Page 36 - Jewish Book Annual Volume 15

Basic HTML Version

well, whom? One could mention many names, but one always
comes back to the name of Israel Zangwill, author, among numer­
ous poems, of “Israel,” “Yigdal,” “Adon Olam,” and “A Taber­
nacle Thought.” But lovely as some of these are, especially the
first two, one can hardly call them truly memorable, in the sense
that Heine’s “Princess Sabbath” is memorable. Alas, one cannot
deny that the most moving poems in English about Jews have
been written by non-Jews: Milton and Browning, Isaac Watts and
Owen Meredith.
The same has been more or less true in the United States.
Poems such as John Greenleaf Whittier’s “The Two Rabbins,”
Henry Wadsworth Longfellow’s “The Jewish Cemetery at New­
port,” and Oliver Wendell Holmes’s “At the Pantomime,” are
more Jewish and better as sheer poetry than dozens of superficially
Jewish poems written by American Jews. Many American Jews
have written poetry, and some of their poems have dealt with
Jewish themes. But it is difficult to recall even a few of these
poems that have the true Jewish spirit, that magnificent, inde­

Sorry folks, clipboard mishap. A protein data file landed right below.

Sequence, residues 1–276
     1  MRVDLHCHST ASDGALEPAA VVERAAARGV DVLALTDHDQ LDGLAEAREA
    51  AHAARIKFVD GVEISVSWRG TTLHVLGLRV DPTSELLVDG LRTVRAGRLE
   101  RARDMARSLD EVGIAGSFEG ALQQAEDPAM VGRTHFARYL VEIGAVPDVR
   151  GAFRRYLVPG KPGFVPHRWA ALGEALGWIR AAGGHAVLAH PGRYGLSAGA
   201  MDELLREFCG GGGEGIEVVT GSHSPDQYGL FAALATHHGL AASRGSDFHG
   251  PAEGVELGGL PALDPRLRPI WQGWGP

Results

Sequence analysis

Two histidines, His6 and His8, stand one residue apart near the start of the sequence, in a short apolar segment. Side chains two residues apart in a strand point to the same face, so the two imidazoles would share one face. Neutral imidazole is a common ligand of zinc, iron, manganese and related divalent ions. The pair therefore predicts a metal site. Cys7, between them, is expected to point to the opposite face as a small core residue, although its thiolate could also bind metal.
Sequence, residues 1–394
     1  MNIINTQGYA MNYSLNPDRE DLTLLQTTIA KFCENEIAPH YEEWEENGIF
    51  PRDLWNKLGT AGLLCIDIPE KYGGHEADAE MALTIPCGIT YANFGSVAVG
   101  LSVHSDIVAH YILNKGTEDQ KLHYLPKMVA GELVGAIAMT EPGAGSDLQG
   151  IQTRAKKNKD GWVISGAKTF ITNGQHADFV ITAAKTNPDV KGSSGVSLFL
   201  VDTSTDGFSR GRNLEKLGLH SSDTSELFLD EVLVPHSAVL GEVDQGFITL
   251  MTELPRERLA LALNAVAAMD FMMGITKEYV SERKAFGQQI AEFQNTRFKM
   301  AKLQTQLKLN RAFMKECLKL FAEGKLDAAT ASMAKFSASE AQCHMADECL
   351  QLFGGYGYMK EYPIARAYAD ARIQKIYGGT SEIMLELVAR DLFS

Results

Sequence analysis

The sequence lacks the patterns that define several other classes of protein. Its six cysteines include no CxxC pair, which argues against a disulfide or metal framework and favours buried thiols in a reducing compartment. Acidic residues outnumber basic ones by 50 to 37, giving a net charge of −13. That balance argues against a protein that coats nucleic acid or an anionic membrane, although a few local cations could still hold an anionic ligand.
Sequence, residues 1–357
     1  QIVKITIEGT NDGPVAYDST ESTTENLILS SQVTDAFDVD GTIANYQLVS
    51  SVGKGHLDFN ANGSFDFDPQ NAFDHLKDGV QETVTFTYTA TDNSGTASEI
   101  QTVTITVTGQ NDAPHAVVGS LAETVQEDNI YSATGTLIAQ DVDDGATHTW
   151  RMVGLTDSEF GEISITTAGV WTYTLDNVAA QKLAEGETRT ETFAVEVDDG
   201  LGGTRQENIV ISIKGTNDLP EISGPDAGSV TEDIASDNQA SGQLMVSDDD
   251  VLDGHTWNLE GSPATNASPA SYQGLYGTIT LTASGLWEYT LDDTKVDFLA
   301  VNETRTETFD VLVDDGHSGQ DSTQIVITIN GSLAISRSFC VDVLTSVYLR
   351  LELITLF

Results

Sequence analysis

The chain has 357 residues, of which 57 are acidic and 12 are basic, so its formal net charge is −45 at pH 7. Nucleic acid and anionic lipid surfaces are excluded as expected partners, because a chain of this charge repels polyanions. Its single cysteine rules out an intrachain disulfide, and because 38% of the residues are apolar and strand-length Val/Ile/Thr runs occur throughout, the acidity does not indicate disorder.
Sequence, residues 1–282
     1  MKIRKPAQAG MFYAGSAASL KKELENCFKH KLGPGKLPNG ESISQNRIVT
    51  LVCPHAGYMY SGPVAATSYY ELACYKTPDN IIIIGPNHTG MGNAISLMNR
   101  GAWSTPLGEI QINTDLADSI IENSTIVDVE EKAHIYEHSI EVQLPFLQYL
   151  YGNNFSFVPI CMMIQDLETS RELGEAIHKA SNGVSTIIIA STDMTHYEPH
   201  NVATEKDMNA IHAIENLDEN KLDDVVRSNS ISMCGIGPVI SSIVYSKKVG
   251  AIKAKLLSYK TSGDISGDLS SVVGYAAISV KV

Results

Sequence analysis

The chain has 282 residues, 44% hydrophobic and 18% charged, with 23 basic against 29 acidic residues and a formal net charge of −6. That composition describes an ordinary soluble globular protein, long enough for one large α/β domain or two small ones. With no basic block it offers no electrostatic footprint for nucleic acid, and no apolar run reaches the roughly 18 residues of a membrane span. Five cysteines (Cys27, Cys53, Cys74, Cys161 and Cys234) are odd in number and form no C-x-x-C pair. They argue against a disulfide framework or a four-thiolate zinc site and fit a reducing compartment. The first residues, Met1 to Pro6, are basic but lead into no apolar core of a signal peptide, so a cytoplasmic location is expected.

scribable combination of song and sorrow, despondency and pride,
bitter despair and limitless confidence. The Louis Untermeyers
and Arthur Guitermans and Babette Deutsches, the Robert
Nathans and Samuel Hoffensteins, the Karl Shapiros and Elias
Liebermans and Newman Levys have considerable talent, but, as
the Rev. Dr. David de Sola Pool has said, they “only rarely touch
on a Jewish theme or write out of a Jewish heart.” Most of them
are “Broadway Jews” or
Bohemian Jews. They know a
few Yiddish words, but the whole Jewish tradition is chiefly an
unconscious burden to them; they are almost totally ignorant of it,
hence it is alien to them even as an influence. One of them, Karl
Shapiro, a Pulitzer Prize poet, has even boasted, “I have nothing
to offer in the way of beliefs . . . I try to write freely, one day as a
Christian, the next as a Jew.”
Such spiritual obtuseness could not, of course, be ascribed to
Emma Lazarus, who wrote better poems than “The Colossus,”
which is inscribed at the foot of the Statue of Liberty, or to
Penina Moise and Adah Isaacs Menken, two other American
Jewesses who wrote poems about Jews. Yet even they were hardly
major poets, for there hovered over their verse what might be
called a forced intimacy with Jewishness rather than an outpouring
of Jewishness so deeply ingrained as to be subconscious. In other
words, their poems came, so to speak, from the top of the heart,
not from its innermost secret chambers.
One of the pleasant aspects of Jewish-American poetry of recent
times is the large number of creditable verses written by rabbis.